Others listed as messengers from the Alamo, and also belonging to Captain Seguin's men, are Juan M. Cabrera, Jacinto Peña and José Maria Jiménez. All of these men of Seguin's Company, had joined the Texan cause through his influence. Many of the men of this company fought in the battle of San Jacinto, and we find their names in the land certificates of the State, as receiving land for their services. Captain Seguin served gallantly at San Jacinto, in the rank of Captain and was later promoted to Colonel being in command of a regiment.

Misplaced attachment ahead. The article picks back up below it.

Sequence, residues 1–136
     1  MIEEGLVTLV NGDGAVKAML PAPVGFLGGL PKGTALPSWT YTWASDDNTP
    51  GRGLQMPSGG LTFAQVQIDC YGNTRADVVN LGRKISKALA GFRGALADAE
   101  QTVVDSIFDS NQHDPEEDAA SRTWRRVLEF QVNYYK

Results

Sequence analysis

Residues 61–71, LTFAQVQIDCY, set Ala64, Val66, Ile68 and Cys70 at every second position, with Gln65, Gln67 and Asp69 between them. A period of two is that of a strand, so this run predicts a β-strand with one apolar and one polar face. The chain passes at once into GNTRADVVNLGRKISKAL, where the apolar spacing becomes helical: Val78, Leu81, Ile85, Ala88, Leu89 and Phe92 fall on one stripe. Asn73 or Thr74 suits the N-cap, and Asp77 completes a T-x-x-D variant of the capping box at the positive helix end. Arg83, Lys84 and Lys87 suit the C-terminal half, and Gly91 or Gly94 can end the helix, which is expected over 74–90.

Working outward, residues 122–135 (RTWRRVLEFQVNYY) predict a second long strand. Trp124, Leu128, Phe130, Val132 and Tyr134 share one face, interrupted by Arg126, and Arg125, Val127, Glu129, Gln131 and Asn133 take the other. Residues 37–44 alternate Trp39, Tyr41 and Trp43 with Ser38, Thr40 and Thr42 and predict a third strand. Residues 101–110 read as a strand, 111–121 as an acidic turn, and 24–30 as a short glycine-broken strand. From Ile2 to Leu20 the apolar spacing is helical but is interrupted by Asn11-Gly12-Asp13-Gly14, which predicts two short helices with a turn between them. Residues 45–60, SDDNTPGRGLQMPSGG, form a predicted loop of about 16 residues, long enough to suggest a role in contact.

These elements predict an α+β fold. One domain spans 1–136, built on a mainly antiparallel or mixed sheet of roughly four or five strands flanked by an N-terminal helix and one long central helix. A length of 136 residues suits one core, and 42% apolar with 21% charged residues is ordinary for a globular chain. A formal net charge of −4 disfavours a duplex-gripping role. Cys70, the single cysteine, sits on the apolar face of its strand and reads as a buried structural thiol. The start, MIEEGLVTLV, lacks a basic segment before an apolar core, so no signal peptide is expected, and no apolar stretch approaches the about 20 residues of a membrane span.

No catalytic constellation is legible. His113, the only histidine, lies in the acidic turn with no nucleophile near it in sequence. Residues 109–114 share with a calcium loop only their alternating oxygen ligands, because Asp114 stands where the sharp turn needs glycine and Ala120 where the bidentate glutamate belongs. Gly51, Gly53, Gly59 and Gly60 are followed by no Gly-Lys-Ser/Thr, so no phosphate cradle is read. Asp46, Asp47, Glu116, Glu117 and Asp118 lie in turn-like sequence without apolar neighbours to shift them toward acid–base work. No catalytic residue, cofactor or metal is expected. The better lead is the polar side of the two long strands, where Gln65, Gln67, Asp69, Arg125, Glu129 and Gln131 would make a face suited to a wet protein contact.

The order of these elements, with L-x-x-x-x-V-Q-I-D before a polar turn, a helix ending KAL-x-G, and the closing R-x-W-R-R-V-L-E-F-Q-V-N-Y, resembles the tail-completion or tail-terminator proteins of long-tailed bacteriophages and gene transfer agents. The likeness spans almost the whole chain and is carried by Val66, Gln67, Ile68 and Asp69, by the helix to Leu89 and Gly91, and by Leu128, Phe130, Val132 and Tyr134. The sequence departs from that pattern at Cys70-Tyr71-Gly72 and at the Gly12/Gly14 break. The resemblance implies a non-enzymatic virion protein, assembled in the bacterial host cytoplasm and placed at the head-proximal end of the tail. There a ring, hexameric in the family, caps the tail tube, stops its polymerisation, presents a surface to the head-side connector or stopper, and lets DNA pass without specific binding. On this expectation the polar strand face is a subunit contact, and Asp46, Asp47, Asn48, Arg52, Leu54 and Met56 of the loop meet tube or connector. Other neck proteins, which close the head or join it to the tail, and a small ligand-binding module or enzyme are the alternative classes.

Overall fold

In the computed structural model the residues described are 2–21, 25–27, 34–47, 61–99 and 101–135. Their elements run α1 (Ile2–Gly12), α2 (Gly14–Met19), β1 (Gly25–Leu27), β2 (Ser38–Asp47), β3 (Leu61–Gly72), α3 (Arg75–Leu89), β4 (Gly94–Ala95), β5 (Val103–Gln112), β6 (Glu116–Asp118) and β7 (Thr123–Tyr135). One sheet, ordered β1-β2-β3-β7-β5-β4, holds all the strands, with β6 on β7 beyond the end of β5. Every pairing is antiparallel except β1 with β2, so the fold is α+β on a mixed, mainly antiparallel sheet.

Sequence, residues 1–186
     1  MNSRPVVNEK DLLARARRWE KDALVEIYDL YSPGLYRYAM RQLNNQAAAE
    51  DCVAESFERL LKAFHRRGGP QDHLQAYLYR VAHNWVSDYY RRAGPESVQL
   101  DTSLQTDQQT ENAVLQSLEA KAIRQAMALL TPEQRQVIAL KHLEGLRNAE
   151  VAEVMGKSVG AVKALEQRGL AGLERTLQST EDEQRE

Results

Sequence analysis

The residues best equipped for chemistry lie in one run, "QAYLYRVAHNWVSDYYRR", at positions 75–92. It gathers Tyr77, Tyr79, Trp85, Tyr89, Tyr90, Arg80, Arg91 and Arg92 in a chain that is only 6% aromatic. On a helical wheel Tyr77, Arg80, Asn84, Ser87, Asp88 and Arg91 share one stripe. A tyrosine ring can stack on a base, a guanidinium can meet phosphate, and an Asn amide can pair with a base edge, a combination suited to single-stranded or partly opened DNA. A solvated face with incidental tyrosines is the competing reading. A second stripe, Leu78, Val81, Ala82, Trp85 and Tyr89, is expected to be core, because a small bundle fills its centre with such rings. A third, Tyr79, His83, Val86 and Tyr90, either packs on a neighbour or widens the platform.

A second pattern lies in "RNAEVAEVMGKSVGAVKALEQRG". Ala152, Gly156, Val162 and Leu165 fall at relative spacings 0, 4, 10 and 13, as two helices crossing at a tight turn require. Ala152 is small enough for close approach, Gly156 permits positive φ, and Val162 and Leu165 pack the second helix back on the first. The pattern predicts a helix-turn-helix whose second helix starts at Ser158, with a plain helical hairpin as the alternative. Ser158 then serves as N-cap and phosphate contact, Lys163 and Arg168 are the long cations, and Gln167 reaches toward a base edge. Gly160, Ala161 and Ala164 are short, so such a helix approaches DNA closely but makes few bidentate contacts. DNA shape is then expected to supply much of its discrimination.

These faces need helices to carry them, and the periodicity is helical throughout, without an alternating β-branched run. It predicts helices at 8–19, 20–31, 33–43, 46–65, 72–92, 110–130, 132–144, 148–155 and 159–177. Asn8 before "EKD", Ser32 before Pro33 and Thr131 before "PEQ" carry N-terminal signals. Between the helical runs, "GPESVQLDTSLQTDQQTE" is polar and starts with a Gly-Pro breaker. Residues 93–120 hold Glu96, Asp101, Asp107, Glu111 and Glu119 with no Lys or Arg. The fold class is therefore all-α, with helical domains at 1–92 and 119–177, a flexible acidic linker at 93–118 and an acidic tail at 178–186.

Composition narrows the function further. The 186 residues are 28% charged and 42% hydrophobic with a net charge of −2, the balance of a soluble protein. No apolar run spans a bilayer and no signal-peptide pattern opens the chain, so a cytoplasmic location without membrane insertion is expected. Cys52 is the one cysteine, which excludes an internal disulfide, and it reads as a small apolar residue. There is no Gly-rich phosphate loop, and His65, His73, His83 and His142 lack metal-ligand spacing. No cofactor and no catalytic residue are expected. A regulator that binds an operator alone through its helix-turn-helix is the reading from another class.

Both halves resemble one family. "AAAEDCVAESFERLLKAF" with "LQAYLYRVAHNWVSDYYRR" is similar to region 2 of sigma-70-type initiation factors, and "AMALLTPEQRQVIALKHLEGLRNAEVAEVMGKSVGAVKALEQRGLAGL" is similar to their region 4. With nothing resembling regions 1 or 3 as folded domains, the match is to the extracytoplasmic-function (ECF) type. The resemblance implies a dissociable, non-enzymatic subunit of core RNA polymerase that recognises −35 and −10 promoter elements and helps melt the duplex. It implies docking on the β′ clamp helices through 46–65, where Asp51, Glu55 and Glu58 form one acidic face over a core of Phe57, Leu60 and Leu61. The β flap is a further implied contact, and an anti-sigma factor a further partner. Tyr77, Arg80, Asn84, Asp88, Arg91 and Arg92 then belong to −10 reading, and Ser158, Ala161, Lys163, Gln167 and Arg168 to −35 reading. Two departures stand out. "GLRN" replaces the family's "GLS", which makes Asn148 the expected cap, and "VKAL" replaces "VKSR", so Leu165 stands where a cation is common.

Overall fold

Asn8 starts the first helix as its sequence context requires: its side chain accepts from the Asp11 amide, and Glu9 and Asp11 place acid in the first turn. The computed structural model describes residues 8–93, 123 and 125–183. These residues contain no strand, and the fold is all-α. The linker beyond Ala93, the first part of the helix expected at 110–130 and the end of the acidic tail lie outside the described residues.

Memoirs written San Augustine, Texas, 18 Oct 1891: I was born in the State of North Carolina 18th day of April, 1810. My father's name was Julius Horton, my mother's name was Susannah Purnell. My father moved to the State of Louisiana in 1818. He died in the month of May, 1818, leaving my mother with nine helpless children, Nancy, Elizabeth, Sarah, Samuel, Sandy or Alexander, Martha, Wade, Henry, Susan. My mother moved to Texas first part of January 1824 and settled in San Augustine then called Ayish Bayou; found the country almost uninhabited. There were but few people then living in the county. I found James Gaines keeping a ferry on the Sabine river. The next house was Maximilian's. At the Polygoch, Macon C. Cole. The next settler, Brian Doughtery, living at the place where Elisha Roberts formerly lived. The next place was Nathan Davis living at the crossing of the Ayish Bayou. The next place occupied was where William Blount now resides, but the houses were east of the houses where Mr. Blount now resides. At that place lived John A. Williams. From there there was no one living, until you came to the place where Milton Garret lived. There, a man named Fulcher lived, and at or near the Attoyac lived Thomas Spencer. That was about the number of inhabitants living in this county first Jany. 1824. But the county from this date began to make rapid improvements and all things seemed prosperous. Among the early settlers of this county were some of the noblest men to be found in any county. They (were) generous, kind, honest and brave I will here give the names of many of them. I will begin with David and Isaac Renfro, Elisha Roberts, Donald McConald, John Cartwright, Willis Murphy, Phillip A. Sublett, John Chumly, Nathan David, Obadiah Hendrick, John Bodine, John Lout, Bailey Anderson, Benjamin Thomas, Wiley Thomas, Shedrack Thomas, Thomas Cartwright, Isaac Lindsey, John G. Love, Martha Lewis and family, George Jones, Achilles Johnson, Elias K. David, Theodore Dorset, John Dorset, Benjamin Lindsey, Stephen Prater, Wyatt Hanks, James and Horatio Hanks, Solomon Miller, Hiram Brown, William Lace (Lacey), George Tell, Edward Tell, John Sprowl, James Bridges, Ross Bridges, Peter Galloway, John McGinnis. These were the most earliest settlers of East Texas. In 1825 the people began to make rapid improvement, opening large farms and building cotton gins. This year Elisha Roberts, John A. Williams and John Sprowl each erected cotton gins on the main road for at that time there was no one living either north or south of the old King's Highway. In the year 1824 William Quirk built a mill on the Ayish Bayou just above where Hanks Mill now stands. All things went on harmonious for several years, the country filling up rapidly. The first trouble we had commenced 1827. This was what was called the Fredonian war. This grew out of a quarrel between the Mexican citizens of Nacogdoches and Col. Hayden Edwards. Col. Edwards had obtained from the Mexican Government the right to colonize the country south of the road leading from Nacogdoches to the Sabine river, and had settled in the town of Nacogdoches with his family, but a dispute soon arose between him and the Mexican citizens in regard to their land matters. These things were referred to the Mexican authorities who at once decided in favor of the Mexican citizens, and at once took from Edwards his colonial grant and gave the colony to Antonio de Zavalla. This act aroused Edwards to desperation and he at once proceeded to the United States and raised a large force of volunteers, marched upon Nacogdoches and after a short engagement took the town, killing one Mexican and wounding several. They then raised what they called the Fredonian flag, and established the Fredonian Government. He then called upon the citizens of Ayish, Sabine, and Tenaha or Shelby to join. This they refused to do, not seeing any cause for a war with Mexico. This again roused Edwards to desperation and he at once issued a proclamation, giving the citizens a given time to join him, stating that all that did not join by a given time was to be driven out of the country, and their property was to be confiscated. In furtherance of this he set down to this county about 100 men stationed on road about two miles east of the Ayish Bayou. This threat backed by such forced entirely broke up the county. Every citizen of this county except Edward Tell and myself fled across the Sabine. It did seem as if all was lost but at last the comforter came. The evening before the Fredonians were to carry out their threat to my great joy and surprise who should ride up to my mother's but my old and well tried friend Stephen Prater. A braver nor no honester man ever lived in any county. He had with him about 75 or 100 Indian warriors all painted and ready to execute any order given them by Prater. When he rode up to my mother's house he called to me and said: "Not run away yet?" I told him I had not left nor did not intend to leave. He then said: "Are you willing to join us and fight for your country?" I told him I was. Then said he "Saddle your horse and follow me, for I intend to take that Fredonian garrison in the morning or die in the attempt." I at once saddled my horse, shouldered my rifle and fell into line. Stephen Prater had only eight white men with him. The rest of the citizens had gone over Sabine for protection from the government of the United States. I well remember all of them he had with him. James Bridges Sr., James Bridges Jr., Ross Bridges, Peter Calloway and John McGinnis, his two sons Stephen and Freeman, and A. Horton. He marched that evening up in about 400 yards of the Fredonian fort, dismounted his man and at daylight in the morning marched them up near these fortifications, and after telling them the place would be taken by storm, but not to fire or kill any one without we were fired on, the order was given for a charge. When the word was given to charge the Indians raised a war whoop and it was terrible. The Fredonians threw down their arms and begged for quarters which was granted at once. They were all disarmed and put under guard. As next day was the day the troops was to come down to carry out their threat of confiscation, as fast as they arrived they were arrested and put under guard. So in the course of a few hours we had them all under guard. When the news reached Nacogdoches Col. Edwards and the balance of the party fled to the United States, crossing the Sabine river at Richard Haley Crossing in Shelby County: and this was the last of the Fredonian war. This is a true and correct statement; Tho many things may have been left or forgotten what is states is true and correct. All things after this went on smoothly. The Mexican Government was highly pleased with the part taken by the Americans and at once appointed officers to extend land titles to the colonists, the country rapidly filling up with settlers. In 1832 a civil war broke out in Mexico, President Bustamente declaring a favor of a monarchial form of government, and General Santa Anna in favor of the Constitution of 1824. The Americans everywhere in Texas took up arms in favor of Santa Anna. At that time there was a regiment of Mexican soldiers stationed at Nacogdoches under the command of Col. Piedras, who declared in favor of the central government. The people of Eastern Texas declared in favor of the Constitution of 1824. The people at once flew to arms and elected John W. Bullock commander in chief. James W. Bullock was a well tried soldier, had served under the immortal Jackson in Indian wars and was with him at the battle of New Orleans. The Texans marched from the town of Nacogdoches the last of July 1832 and on the second day of August formed themselves in regular order of battle and demanded the surrender of the place or the raising of the Santa Anna flag, both of which Col. Piedras refused to do, sending word that he was well prepared and ready to receive us. About ten o'clock on the 2nd day of August the battle began, the Mexicans meeting us at the entrance of the town. A furious fight commenced which lasted all day, the Americans driving them from house to house until they reached the stone house. There they made a desperate stand but was again driven from there to the main fortification, which they called the quartell. This ended the fighting of the 2nd of August. August 3d the Americans was well prepared to commence the fight but to their surprise they found that the Mexicans had that night abandoned the town and had retreated to the west. A call at once was made for volunteers to follow them. 17 men at once volunteered to go after them; attacked them at the crossing of the Angelina, and after a considerable fight in which the Mexicans lost their great cavalry officer Muscus [Musquiz], who was killed in the fight, the Mexicans took possession of John Durst's houses. The Americans then withdrew and took a strong position on the road west of the river, intending to ambuscade and fight the Mexicans to the Brazos, but after waiting until late in the day returned to see what the Mexicans was doing. To our surprise on arriving near the house we saw a white flag floating from Durst's chimney. We approached the place with caution for we had only seventeen men and Piedras had an entire regiment. But we approached as near as we thought prudent and Piedras had his officers come out and surrender themselves prisoners of war. We then was at a loss to know what to do with so many prisoners so we hit upon the following plan: so it was agreed upon that Col. Piedras and his officers should be taken back to Nacogdoches, and that the soldiers should remain where they were until further orders. On arriving at Nacogdoches with our prisoners a treaty was made by way of New Orleans pledging himself not to take up army any more during the war unless fairly exchanged; and this was the end of the war of 1832. The names of the seventeen men I have forgot some of them but remember some of them. I will begin with James Carter, Hiram Brown, John Noilin, William Lloyd, Jack Thompson, George Lewis, Horatio Hanks, James Bradshaw, A. Horton, George Jones; the other names I have forgotten. When I arrived in Texas in 1824 I found [it] so sparsely settled that there was no regulations in any legal form. As we had no knowledge of the Mexican laws we were a law unto ourselves. But as the country became more thickly settled it became manifest that there must be some rule to collect debts and punish crimes. The people agreed to elect a man whom they called an Alcalde and a Sheriff to execute his orders. The Alcalde's power extended to all cases civil and criminal without any regard to the amount in controversy. Murder, thefts, and all other cases came under his jurisdiction except divorces, and as the old Texas men and women were always true and loyal to each other, divorce cases was never heard of. The Alcalde had the power in all cases to call to his assistance twelve good and lawful citizens to his aid when he deemed it necessary or the parties required it, and the decision of the Alcalde and 12 men was final from which no appeal could be taken, and there was as much justice done then as there is now and not half so much grumbling. The first Alcalde was Baily Anderson, the next was John Sprowl. In 1830 Jacob Garrett was Alcalde, 1831 Elisha Roberts, 1832 Benjamin Lindsey, 1833 William McFarland, in 1834 Charles Taylor was Alcalde. I served as Sheriff under Roberts, Lindsey, McFarland and Taylor, but the year of thirty five called me to the tented field in defense of my country. The year 1835 brought about a new order of things. After the people had fought for Santa Anna in 1832, looking on his as the Washington of the day, [in] 1835 he turns traitor to the republican party and declared himself Dictator or Emperor. He soon overrun all the Mexican states except Texas, who true to the principles of 1776 refused to submit to his tyrannical form of government, and this brought on the war with Mexico. The people held political meetings everywhere in Texas and resolved to resist the tyrant at all hazards. A consultation was called to meet at San Felipe de Austin to determine what was best. In the mean time the people of Texas had flew to arms; had taken Goliad and San Antonio, and driven the Mexicans out of Texas. When the Consultation met they at once closed the land office in Texas, suspended the laws in all civil cases, and elected Sam Houston Commander in chief of the armies of Texas. Houston repaired to the army but Travis and Fannin refused to give up the command to Houston. He returned home much mortified and the disobedience of orders let to all the great desertion of our armies. Had Fannin and Travis have turned over the command to Houston that fine army would have been saved, but Houston had to return and wait until the meeting of the Convention in Mar. 1836 before he could get the command, and it was too late. On the assembling of the Convention among the earliest acts was to elect Houston Commander in chief, for at that time Travis's letters were coming every day calling for troops, saying that the Mexican army was advancing rapidly on him in great force, but he would hold the post till the last and would never surrender. Houston arrived at Gonzales about 11th of March with only four men: Col. Hockly, Richardson Scurry, A. Horton and one other man. When he reached Gonzales he found the glorious Edward Burleson there with about 400 four hundred men, who had started to reinforce Travis, but on reaching there found that Santa Anna with a powerful army had got there before him and surrounded the Alamo with a force estimated at from 8000 to 10000 thousand men. On Houston's arrival Edward Burleson at once turned over the command to him, and was at once was elected colonel of the first regiment. The great anxiety was the fort of the Alamo. The spies came in that morning (and) said that San Antonio was surrounded by a powerful force so they could not approach near enough to see what was the fate of it, but greatly feared that the town had fallen as all firing had ceased. Soon after Mrs. Dickerson arrived with her infant daughter and that every one had been killed except herself and child and the negro man, that Santa Anna with his whole army was not five miles off for she left them at dinner and had come with a proclamation from Santa Anna offering a pardon to all that would lay down arms and submit to the government, but certain death to all that was found under arms. This proclamation Houston read to the men and then stamped it under his feet and shouted 'Death to Santa Anna, and down with despotism.' All the men joined in the shout. But there was not time to be lost as the enemy was at the door. After a Council of war it was decided that the troops must fall back at once. Orders was given for the women and children to retreat as fast as possible assuring them that troops would cover their retreat and defend them as long as a man was left alive. The retreat was commenced about midnight, the troops following them. Houston retreated to the Colorado, sending word to Fannin to blow up Goliad and join him there, but he refused to do so and paid no regard to Houston's order. Houston remained there many days expecting that Fannin would come to his assistance, but that he failed or refused to do. While waiting there Houston's army was stronger than it ever was afterwards. While waiting for Fannin and expecting him every house, to his great surprise, Carl, a man will skilled in the Mexican affairs, came to camp and brought the dreadful news that Fannin's army had been captured and all killed after their surrender. This dreadful news again had caused great confusion in the army. The army was again obliged to fall back and a large number of our men had to be paroled to take care of their families, and this again greatly reduced our forces. Houston retreated to the Brazos to San Felipe. There he turned up the river on the west side and encamped opposite Groce's Retreat between the river and a large lake, where he remained many days sending out his spies in every direction watching the enemies motions. At last the glorious spy, Henry W. Karnes, brought the news that Santa Anna had forced the crossing of the Brazos at Fort Bend and was marching on to Harrisburg. Houston at once, by the assistance of the steamboat 'Yellowstone,' that was lying at Groce's, threw his army across the Brazos and took up the line of march to Harrisburg, that ended in the defeat of the Mexican army and the securing of the independence of Texas. In those dark days all seemed to be lost as that little army was all the hopes of Texas, for if that little army had been defeated all was lost, for the Indians were on the point of joining the Mexicans, for on my way home after the battle I passed many Indians about the Trinity painted and armed awaiting the result of the battle, for if that little Texian army had been defeated the Indians would have joined the Mexican army and would have commenced butchering our helpless women and children. When all seemed to be lost the noble Sydney A. Sherman came to our assistance with a glorious Kentucky regiment and rendered great and timely aid and having gloriously led our left wing in the glorious battle of San Jacinto. That battle secured the independence of Texas and laid the foundation of extending the jurisdiction of the United States to the Pacific Ocean. I was a member of the Consultation 1835, voted for the Declaration of Independence at that time and if it had have carried Texas would have been in a much better condition to have met the enemy than she was in 1836. It would have given us more time to have organized armies, and been much better prepared to have met the enemy. I have been in Texas since 1824, served in all the wars, beginning with Fredonian war 1827, in the war between Santa Anna and Bustamente, 1832, in the war 1835 and 36 between Santa Anna and the Republic of Texas, and in 1839 against the Cherokees under John Boles the great war chief. I have served Texas in various wars. I was first Sheriff for I was President of the Board of Land Commissioners in 1838, Custom House Collector 1839, was Mayor of San Augustine. I was a member of the Consultation in 1835, served you one term in the legislature, and there has never been a call for help in the hour of danger that I was not there I have seen San Augustine twice broken up and abandoned, first in the Fredonian War in 1827 all the citizens of the county left and fled to the United [States] except Edward Tell and myself. 1836 it was again abandoned but I did not witness that scene for I was in the army acting as Aid-de-camp to General Houston. I have never abandoned my country though I have had to encounter many dangers having come to Texas when only 14 years old without father money or friends, and never received but a very limited education, in fact what I in a great measure acquired by my own exertions with a little assistance from my friends. I an proud to be able to say in truth that I have been always an honest man. At 27 years I married to Elizabeth Latten formerly Elizabeth Cooper by whom I had three children one son and two daughters. My oldest son I named Sam Houston Horton after my glorious old chief that led me to battle, and who remained my best friend through life. Houston Horton is still living. I had also two daughters Eliza and Mary, both dead. I lived with my wife ten years. In the meantime I had by honest assertions accumulated a small fortune but the civil wars of my country left me in my old age penniless poor, having given away a fortune in valuable land for negro property which was taken away from me by the self righteous people of the North, these hypocritical people having dealt in slaves as long as it was profitable in the North and finding out that the money that they had invested in negro property could be better and more profitably invested in factories at once brought their negroes down south and sold them for from one thousand to fifteen hundred dollars to their southern neighbors. sdct [From the Kemp Papers, Center for American History, University of Texas and reprinted by the San Jacinto Museum of History, Houston, Texas]